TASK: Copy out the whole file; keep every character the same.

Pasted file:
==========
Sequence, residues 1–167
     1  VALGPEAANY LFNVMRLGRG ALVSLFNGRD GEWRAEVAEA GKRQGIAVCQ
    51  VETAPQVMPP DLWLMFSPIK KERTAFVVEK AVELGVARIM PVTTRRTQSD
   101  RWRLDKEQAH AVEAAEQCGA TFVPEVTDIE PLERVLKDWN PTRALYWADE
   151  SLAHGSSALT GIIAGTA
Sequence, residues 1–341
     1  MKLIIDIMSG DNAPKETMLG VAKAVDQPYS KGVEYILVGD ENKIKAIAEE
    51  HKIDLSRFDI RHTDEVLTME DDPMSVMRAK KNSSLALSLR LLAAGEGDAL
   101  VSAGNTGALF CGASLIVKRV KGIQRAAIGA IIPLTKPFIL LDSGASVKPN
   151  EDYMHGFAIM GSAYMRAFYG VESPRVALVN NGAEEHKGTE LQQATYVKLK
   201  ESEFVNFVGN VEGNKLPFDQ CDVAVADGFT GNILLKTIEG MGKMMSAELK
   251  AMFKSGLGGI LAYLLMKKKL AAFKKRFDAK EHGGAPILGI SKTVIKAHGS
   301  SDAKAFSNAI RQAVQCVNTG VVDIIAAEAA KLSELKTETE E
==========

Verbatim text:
Sequence, residues 1–167
     1  VALGPEAANY LFNVMRLGRG ALVSLFNGRD GEWRAEVAEA GKRQGIAVCQ
    51  VETAPQVMPP DLWLMFSPIK KERTAFVVEK AVELGVARIM PVTTRRTQSD
   101  RWRLDKEQAH AVEAAEQCGA TFVPEVTDIE PLERVLKDWN PTRALYWADE
   151  SLAHGSSALT GIIAGTA
Sequence, residues 1–341
     1  MKLIIDIMSG DNAPKETMLG VAKAVDQPYS KGVEYILVGD ENKIKAIAEE
    51  HKIDLSRFDI RHTDEVLTME DDPMSVMRAK KNSSLALSLR LLAAGEGDAL
   101  VSAGNTGALF CGASLIVKRV KGIQRAAIGA IIPLTKPFIL LDSGASVKPN
   151  EDYMHGFAIM GSAYMRAFYG VESPRVALVN NGAEEHKGTE LQQATYVKLK
   201  ESEFVNFVGN VEGNKLPFDQ CDVAVADGFT GNILLKTIEG MGKMMSAELK
   251  AMFKSGLGGI LAYLLMKKKL AAFKKRFDAK EHGGAPILGI SKTVIKAHGS
   301  SDAKAFSNAI RQAVQCVNTG VVDIIAAEAA KLSELKTETE E